Of course, not all irregularities in your testicles are indicative of cancer, but it's better to play it safe and make an appointment with your doctor right away.
Don't be afraid to speak to your doctor
If your testicles are changing or you just have a question about men's health, don't be shy to speak to your doctor.
"While you may sometimes feel embarrassed to call your doctor (when it comes to your testicles), all you know is that it can literally save your life and you don't have to worry," assures Kelley. Your doctor is there to answer all of your questions and to take any necessary steps if any testicular changes have occurred.
The risk factors of testicular cancer
Even a clean diet and rigorous exercise regimen cannot fight off testicular cancer. In fact, several factors are known to increase your risk of developing testicular cancer. “A personal or family history of testicular cancer (such as that of your brother or father), a history of a testicle that did not fall off completely at birth (an undescended testicle), or men with a history of abnormal cells in the testicle called germ cell neoplasia in situ (GCNIS), "says Kelley. But even if you don't fall into any of these categories and notice changes in your testicles, you should always have it checked out.
Photo by Olga Guryanova on Unsplash
Diagnosis and treatment
If doing your monthly checkups reveals an abnormality in one or both testicles, after speaking with your doctor, you will be referred to a urologist who will then order the correct blood tests and scans to determine if the lump is or is present. t cancer.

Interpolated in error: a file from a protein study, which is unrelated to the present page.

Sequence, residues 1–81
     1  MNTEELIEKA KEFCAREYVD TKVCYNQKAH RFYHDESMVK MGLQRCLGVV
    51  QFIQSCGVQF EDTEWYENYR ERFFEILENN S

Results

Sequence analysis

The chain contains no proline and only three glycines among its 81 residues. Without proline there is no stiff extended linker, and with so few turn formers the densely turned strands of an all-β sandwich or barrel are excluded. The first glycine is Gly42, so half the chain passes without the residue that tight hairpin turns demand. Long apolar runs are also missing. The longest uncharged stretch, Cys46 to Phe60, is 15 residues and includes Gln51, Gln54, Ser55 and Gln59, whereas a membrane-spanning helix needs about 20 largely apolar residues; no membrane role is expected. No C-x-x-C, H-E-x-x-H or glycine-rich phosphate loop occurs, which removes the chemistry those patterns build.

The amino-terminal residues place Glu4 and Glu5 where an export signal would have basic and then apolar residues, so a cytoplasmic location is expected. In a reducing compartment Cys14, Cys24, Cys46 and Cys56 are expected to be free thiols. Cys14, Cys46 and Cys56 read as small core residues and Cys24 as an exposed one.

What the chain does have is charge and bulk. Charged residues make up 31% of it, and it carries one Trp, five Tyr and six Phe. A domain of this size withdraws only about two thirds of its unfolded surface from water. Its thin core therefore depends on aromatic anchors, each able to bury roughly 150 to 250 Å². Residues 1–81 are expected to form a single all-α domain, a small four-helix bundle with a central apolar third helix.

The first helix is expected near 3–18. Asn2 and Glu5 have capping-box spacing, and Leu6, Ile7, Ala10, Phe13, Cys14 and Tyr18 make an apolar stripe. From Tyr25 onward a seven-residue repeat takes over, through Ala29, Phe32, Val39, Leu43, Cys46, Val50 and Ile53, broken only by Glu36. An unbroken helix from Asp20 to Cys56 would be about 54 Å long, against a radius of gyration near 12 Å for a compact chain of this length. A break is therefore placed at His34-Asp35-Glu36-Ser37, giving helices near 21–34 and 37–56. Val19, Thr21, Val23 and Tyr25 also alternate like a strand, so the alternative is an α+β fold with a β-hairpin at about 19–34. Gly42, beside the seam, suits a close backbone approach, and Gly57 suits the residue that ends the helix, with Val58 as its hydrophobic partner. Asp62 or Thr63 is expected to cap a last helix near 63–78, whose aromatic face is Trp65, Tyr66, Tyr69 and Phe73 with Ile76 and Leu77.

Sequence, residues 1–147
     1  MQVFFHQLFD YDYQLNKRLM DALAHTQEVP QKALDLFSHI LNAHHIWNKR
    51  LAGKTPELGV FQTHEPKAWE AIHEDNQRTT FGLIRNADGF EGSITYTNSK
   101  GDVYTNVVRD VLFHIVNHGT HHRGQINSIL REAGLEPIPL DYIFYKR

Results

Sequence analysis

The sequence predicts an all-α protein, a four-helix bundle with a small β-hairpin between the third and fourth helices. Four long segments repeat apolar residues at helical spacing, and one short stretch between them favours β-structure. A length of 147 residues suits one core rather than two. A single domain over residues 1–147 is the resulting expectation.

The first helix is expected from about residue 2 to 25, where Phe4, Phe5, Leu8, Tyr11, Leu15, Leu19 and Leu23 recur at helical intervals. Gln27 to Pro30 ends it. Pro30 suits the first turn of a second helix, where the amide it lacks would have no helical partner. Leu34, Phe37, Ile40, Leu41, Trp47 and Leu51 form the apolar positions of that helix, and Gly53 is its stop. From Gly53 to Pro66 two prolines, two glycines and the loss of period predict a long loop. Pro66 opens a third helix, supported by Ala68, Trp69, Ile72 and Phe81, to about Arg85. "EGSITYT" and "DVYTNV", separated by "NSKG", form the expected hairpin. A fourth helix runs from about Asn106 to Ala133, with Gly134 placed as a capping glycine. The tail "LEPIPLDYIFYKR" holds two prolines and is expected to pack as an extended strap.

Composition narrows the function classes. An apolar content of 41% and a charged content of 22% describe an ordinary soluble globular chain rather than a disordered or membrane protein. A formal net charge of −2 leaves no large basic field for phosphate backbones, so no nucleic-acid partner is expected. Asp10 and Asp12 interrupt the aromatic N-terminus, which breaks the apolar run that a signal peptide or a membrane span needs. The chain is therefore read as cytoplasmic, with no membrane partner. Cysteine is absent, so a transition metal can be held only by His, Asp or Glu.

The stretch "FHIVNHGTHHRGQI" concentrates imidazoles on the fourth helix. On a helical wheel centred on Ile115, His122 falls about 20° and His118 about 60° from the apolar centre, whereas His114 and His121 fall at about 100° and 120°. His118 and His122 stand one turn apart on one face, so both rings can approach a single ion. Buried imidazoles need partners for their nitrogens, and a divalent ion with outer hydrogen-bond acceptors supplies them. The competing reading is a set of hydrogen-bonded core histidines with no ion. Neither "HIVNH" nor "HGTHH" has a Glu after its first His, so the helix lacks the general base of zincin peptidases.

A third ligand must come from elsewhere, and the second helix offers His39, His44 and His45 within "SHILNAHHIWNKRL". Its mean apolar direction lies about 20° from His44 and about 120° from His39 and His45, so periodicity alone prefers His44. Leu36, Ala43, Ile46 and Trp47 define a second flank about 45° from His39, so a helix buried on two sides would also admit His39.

If it is testicular cancer, it is usually treated first with surgical removal of the tumor. "After the operation, the doctor can check the tissue to find out the exact type of cancer, whether it has spread and how aggressive it is," says Kelley. Depending on the stage of the cancer, your urologist will usually work with a team of other cancer specialists to help you figure out the best plan for the future.
"The good news with all of this is that post-testicular cancer cure rates are excellent (over 95 percent!)," He says. Another reason to be proactive! “The likelihood that the cancer will return is very small, and the likelihood of dying from testicular cancer is even less. Overall, testicular cancer is incredibly treatable, especially if it's detected early! ”Says Kelley.
Reference To Fight Testicular Cancer:
- Check your testicles once a month, preferably during or after you shower.
- If a lump or change in the testicles is noticed, call your doctor right away.
- Don't panic, be proactive. If you check your testicles regularly and suddenly feel a change when it is cancer, the chances of getting treatment and survival quickly are on your side.
If you have been diagnosed with testicular cancer, or have walked the testicular cancer route, finding support during this time is so important. You are not alone – there are support groups and communities like Nuts & Bolts that are there to encourage you and provide you with the tools to fight testicular cancer!